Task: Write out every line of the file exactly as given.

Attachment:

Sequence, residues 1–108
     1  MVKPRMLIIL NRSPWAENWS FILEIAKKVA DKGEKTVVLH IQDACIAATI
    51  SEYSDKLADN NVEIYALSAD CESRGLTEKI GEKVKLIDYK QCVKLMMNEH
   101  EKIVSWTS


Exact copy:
Sequence, residues 1–108
     1  MVKPRMLIIL NRSPWAENWS FILEIAKKVA DKGEKTVVLH IQDACIAATI
    51  SEYSDKLADN NVEIYALSAD CESRGLTEKI GEKVKLIDYK QCVKLMMNEH
   101  EKIVSWTS